Shades of Roxi

Roxanne Gregory

You’ll often hear photographers talking about ‘capturing it in camera’, the basic principle being that if you’ve captured exactly what you’re looking for in the camera, then the post production work is kept to a minimum. It’s an idea that I’m growing to like. I’m finding that the day job is, unfortunately, keeping me more than a little busy at the moment, and the opportunities to spend a ton of time in post-production are, for the moment at least, not practical. The downside of this approach (for me, anyway) is that often, I’m not sure what the image is going to be like once I get it back to the computer. I know there’ll be a ton of photographers tutting at that admission, but I’m not going to let that worry me.

In the majority of instances, I’ll have everything planned out. I’ll have a very clear idea of what I’m looking for, what I’m shooting, what I’ll do with the image on the Mac, which bits I’ll do in Aperture, which in Photoshop, and that’s all fine. Often though, at the end of a session, presuming I’ve got what I planned, and there’s time left, then I’ll noodle. This is often the most exciting part of a shoot-stuff that isn’t planned ahead, and just happens on the day. Sometimes, the result-through no fault of the model-isn’t so great, but sometimes you get something that’s worthwhile.

The image here, and the various versions of it featured below, is from such an occasion when I was shooting with the wonderful Roxi. And, one of the reasons I wanted to write about this particular image was because I thought it was a chance to give a little bit of insight into the post production work that might go on with an image. Like I say there’s a lot to be said for capturing it in camera-a quick tweak for colour balance, a nudge on the saturation, sharpen, and you’re done-two minutes tops. Occasionally, though, you'll feel that there’s more than one way to finish it. Usually, of course, you’d want the one definitive version of an image out there-many variations seems to illustrate a lack of decisiveness, or something, but in this instance, I think it shows the many (too many…) choices available, even after you've finished the shoot.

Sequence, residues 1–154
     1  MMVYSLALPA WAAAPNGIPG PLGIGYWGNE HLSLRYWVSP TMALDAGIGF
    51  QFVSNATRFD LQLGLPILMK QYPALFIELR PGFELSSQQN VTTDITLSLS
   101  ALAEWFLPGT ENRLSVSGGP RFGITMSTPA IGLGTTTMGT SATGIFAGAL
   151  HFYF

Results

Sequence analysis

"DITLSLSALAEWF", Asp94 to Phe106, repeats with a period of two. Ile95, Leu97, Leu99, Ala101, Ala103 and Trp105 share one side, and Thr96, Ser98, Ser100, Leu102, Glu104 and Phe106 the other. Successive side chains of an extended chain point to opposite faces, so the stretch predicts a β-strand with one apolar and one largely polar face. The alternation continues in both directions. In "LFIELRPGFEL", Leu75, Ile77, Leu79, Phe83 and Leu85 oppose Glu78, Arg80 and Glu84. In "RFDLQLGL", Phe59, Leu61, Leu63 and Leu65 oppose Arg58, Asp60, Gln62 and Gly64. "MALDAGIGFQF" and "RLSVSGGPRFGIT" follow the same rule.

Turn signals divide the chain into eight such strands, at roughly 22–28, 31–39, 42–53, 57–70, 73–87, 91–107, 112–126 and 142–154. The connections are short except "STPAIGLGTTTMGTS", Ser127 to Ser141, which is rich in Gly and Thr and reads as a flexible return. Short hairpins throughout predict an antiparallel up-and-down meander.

And another reason for not having many variations out there are those ‘which looks better?’ posts you occasionally see on the various forums. They always read to me as ‘look at me! look at me! Say something nice about my photos!’. Maybe I’m too cynical, though, and certainly, the irony of blogging about my photos, whilst grumbling about ‘look at me!’ posts is not lost on me...

For this blog, I’ve given the base image a number of different treatments. I created the ‘definitive’ version early on, and that’s the one which I posted to fb, and elsewhere linking to this blog, and above. Even having done so, I thought this image could bear different interpretations. One of the reasons is not least because the image is almost abstract. In the straight from the camera version, raw and unedited, there’s a sense of abstraction-it’s about the shapes, and light, rather than the subject. It’s certainly not as abstact as a ‘bodyscape’ but equally, it’s not so much about Roxi, as the fabulous shapes she was making. So, to illustrate some of the thinking that photographers go through when they have the image, and start to work on it (or maybe not photographers, maybe just me) I though I’d present several versions of this same image.